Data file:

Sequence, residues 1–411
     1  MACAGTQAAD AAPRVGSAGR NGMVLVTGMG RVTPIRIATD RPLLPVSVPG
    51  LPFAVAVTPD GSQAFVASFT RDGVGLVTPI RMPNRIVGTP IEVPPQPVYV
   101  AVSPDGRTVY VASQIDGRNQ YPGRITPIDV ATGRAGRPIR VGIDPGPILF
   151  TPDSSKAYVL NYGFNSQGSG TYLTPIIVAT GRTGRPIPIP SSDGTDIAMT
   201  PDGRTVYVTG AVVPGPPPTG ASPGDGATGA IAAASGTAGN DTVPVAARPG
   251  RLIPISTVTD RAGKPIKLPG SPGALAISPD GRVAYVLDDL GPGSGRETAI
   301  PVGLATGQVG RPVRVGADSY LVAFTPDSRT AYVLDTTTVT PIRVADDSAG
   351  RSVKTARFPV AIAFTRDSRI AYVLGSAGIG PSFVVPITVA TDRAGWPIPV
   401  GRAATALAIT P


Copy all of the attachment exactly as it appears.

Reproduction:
Sequence, residues 1–411
     1  MACAGTQAAD AAPRVGSAGR NGMVLVTGMG RVTPIRIATD RPLLPVSVPG
    51  LPFAVAVTPD GSQAFVASFT RDGVGLVTPI RMPNRIVGTP IEVPPQPVYV
   101  AVSPDGRTVY VASQIDGRNQ YPGRITPIDV ATGRAGRPIR VGIDPGPILF
   151  TPDSSKAYVL NYGFNSQGSG TYLTPIIVAT GRTGRPIPIP SSDGTDIAMT
   201  PDGRTVYVTG AVVPGPPPTG ASPGDGATGA IAAASGTAGN DTVPVAARPG
   251  RLIPISTVTD RAGKPIKLPG SPGALAISPD GRVAYVLDDL GPGSGRETAI
   301  PVGLATGQVG RPVRVGADSY LVAFTPDSRT AYVLDTTTVT PIRVADDSAG
   351  RSVKTARFPV AIAFTRDSRI AYVLGSAGIG PSFVVPITVA TDRAGWPIPV
   401  GRAATALAIT P